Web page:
METHODS

This study retrospectively evaluated 315 consecutive acoustic neuroma surgical procedures performed by Pittsburgh Ear Associates surgeons (M.A.A. and D.A.C.) between April 1989 and July 1998. Facial function was graded according to the House-Brackmann scale.2 All facial nerve grading was performed by the authors. Facial nerve function was graded at 3 intervals after surgery: immediately after surgery (within 48 hours), at an intermediate time after surgery (at the 2-week postoperative visit), and in the long term (at least 3 months after surgery). Data were obtained by reviewing office records, hospitalization records, operative reports, and discharge summaries. Tumor measurements are the largest dimension in centimeters (including internal auditory canal and posterior fossa component).

Statistical comparisons of tumor sizes were made with the t test, and facial function results were evaluated with the χ2 test. The statement regarding no statistical difference between groups means that a statistical test is performed and failed to reject the null hypothesis (P>.05).

RESULTS

Facial function results are listed separately according to the 6 House-Brackmann grades and in a grouped fashion. The groups were excellent (grades I and II), acceptable (grades III and IV), and poor (grades V and VI).

In the total group at long-term follow-up, 80% demonstrated excellent function, 13% demonstrated acceptable function, and 7% had poor function. In this group of 315 patients, 58 were operated on through the middle fossa approach, 48 through the retrosigmoid approach, and 209 through the translabyrinthine approach. The mean ± SD size was 0.75 ± 0.31 cm for middle fossa tumors, 1.9 ± 1.09 cm for retrosigmoid tumors, and 2.06 ± 1.12 cm for translabyrinthine tumors. Middle fossa tumors were significantly smaller than retrosigmoid and translabyrinthine tumors.

Table 1 lists the facial outcome for these patients according to surgical approach and time after surgery. Table 1 lists all patients in the series regardless of tumor size, previous operation, anatomic status of the facial nerve at the conclusion of surgery, primary and revision surgery, and whether or not data were available at all 3 intervals. This last factor explains the different totals at the different intervals. These raw data are provided to facilitate comparison with other reports.

Overall, at long-term follow-up, 88% of middle fossa patients had excellent facial function compared with 91% of retrosigmoid patients and 77% of the translabyrinthine patients. Four patients experienced facial nerve transection: 1 middle fossa, 1 retrosigmoid, and 2 translabyrinthine. In contrast, 2% of middle fossa patients had poor long-term facial function outcome compared with 7% of retrosigmoid patients and 7% of translabyrinthine patients.

To adequately compare the effects of the operative approach, we chose to compare the facial function outcomes in patients with similarly sized tumors. We selected tumors 1.5 cm and smaller because this was the largest tumor excised through the middle fossa approach in our series. To fully assess the effects of the operative procedures, we excluded patients who had previously received treatment for their acoustic tumors (either surgery or radiation). Also, we excluded patients who did not present with preoperative grade I facial function. The facial function of cases that met the criteria for comparison are presented in Table 2. This group of 167 acoustic tumors measuring 1.5 cm or less were initially treated through the middle fossa (n = 57), retrosigmoid (n = 27), or translabyrinthine (n = 83) surgical approach as their initial management. In this series of 167 tumors measuring 1.5 cm or less, facial function was not significantly different between either hearing preservation approach and the translabyrinthine approach at the immediate, intermediate, or long-term time frame. Long-term facial function was excellent in 90% of translabyrinthine, 89% of middle fossa, and 100% of retrosigmoid cases. Viewed from the perspective of poor functional outcomes, only 1 patient (2% of middle fossa cases) had poor long-term facial function.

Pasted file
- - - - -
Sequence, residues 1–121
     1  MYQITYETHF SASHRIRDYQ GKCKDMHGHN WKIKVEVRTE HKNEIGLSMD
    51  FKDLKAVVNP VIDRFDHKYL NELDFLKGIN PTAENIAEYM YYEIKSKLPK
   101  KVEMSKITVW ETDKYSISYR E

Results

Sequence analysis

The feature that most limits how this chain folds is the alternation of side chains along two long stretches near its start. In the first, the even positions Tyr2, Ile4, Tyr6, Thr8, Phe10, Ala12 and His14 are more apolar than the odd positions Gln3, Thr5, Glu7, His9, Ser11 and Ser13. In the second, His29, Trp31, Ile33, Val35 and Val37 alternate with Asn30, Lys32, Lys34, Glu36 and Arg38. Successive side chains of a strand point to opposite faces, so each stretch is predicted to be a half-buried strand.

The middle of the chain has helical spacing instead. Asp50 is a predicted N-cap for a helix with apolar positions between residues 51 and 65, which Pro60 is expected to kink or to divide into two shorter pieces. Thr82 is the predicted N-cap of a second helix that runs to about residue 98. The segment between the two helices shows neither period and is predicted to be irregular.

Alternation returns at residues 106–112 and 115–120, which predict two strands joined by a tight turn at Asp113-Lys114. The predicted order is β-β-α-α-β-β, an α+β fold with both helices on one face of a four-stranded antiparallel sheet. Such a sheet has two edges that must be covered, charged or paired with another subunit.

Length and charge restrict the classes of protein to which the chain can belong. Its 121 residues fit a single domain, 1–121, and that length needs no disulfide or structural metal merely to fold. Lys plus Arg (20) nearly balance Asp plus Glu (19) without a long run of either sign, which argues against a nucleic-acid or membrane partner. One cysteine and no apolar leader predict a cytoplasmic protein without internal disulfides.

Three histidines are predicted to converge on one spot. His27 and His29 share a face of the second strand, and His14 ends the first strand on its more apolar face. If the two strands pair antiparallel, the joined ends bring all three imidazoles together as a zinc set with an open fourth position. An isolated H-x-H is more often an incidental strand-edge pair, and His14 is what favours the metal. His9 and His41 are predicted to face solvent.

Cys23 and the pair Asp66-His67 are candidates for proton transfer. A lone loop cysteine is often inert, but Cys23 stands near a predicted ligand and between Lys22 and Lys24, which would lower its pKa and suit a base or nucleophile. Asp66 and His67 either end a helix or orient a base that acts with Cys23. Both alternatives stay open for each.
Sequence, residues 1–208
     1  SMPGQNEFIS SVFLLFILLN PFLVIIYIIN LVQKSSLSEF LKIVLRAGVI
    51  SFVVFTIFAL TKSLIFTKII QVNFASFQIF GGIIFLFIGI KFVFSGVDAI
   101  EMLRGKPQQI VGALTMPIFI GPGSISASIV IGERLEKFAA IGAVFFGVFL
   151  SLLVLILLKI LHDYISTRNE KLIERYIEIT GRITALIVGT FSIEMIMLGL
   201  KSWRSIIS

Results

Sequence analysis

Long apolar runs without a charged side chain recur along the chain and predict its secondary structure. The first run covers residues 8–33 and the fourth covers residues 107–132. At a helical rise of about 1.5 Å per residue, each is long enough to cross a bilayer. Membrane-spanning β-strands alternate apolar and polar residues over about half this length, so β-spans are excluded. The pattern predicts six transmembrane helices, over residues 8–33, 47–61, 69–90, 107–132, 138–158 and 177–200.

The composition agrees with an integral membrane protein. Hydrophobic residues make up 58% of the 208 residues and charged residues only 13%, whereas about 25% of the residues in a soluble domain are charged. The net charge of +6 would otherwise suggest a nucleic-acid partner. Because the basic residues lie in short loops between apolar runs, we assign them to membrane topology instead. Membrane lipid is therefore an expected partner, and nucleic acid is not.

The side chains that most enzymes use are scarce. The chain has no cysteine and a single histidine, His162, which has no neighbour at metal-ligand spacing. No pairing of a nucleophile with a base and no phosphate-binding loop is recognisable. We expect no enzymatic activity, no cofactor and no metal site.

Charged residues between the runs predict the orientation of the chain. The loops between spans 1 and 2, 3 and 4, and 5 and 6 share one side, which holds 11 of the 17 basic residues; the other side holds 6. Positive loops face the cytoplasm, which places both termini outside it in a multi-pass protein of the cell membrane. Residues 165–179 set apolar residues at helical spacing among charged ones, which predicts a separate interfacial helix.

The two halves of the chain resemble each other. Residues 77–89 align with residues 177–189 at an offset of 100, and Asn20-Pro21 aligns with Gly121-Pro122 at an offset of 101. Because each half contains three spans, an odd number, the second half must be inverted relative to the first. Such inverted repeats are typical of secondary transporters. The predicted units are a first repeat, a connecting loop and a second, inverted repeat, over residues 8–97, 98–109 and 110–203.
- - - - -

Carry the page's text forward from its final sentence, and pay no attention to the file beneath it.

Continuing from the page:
The intervals of these data permitted us to assess delayed facial palsy. We define delayed palsy as a deterioration of function from excellent or acceptable to poor from the immediate to intermediate interval. No patients in the retrosigmoid group experienced delayed palsy, whereas 5 patients (9%) in the middle fossa group had delayed palsy and 7 patients (8%) in the translabyrinthine group had delayed palsy. With the exception of 1 patient whose facial function went from grade II (immediate) to grade IV (intermediate) and remained at grade IV (long term), all patients with delayed palsy recovered to within 1 grade of their immediate postoperative function.

The surgical complication rate overall was low. Among the 167 patients in the small tumor group, 1 patient had meningitis and 7 had cerebrospinal fluid leakage, with none requiring surgical repair (3 in the translabyrinthine group [3.6%], 2 in the middle fossa group [3.5%], and 2 in the retrosigmoid group [7.4%]).

COMMENT

We have previously presented a detailed assessment of hearing preservation results using our criteria for patient selection.3 Our strategy individualizes the surgical approach to the patient's medical characteristics, tumor anatomy, and patient preferences. In general, we encourage hearing preservation in patients with a speech reception threshold of 30 dB or better and speech discrimination of 70% or better. However, we believe that a patient with a speech reception threshold of 50 dB and speech discrimination of 50% is an acceptable candidate. In certain circumstances, depending on patient preferences, we have offered hearing preservation to patients with even poorer hearing. We used the middle cranial fossa approach for tumors involving the internal auditory canal with extension of 0.5 cm or less into the cerebellopontine angle. In contrast, we use the retrosigmoid approach for patients with tumors with greater than a 0.5-cm cerebellopontine angle extension but not reaching the lateral third of the internal auditory canal. Using these restrictive criteria, we have published an overall useful hearing preservation rate of 67%, with 74% useful hearing preservation in middle fossa and 58% useful hearing preservation in retrosigmoid cases.2 Since that publication, the success rate for hearing preservation has improved with useful hearing preservation in 78% of middle fossa tumors and 64% of retrosigmoid tumors (M.A.A. and D.A.C., unpublished data). The increasing emphasis by referring physicians and patients on hearing preservation prompted us to review our facial function outcomes in acoustic neuroma surgery in a formal fashion.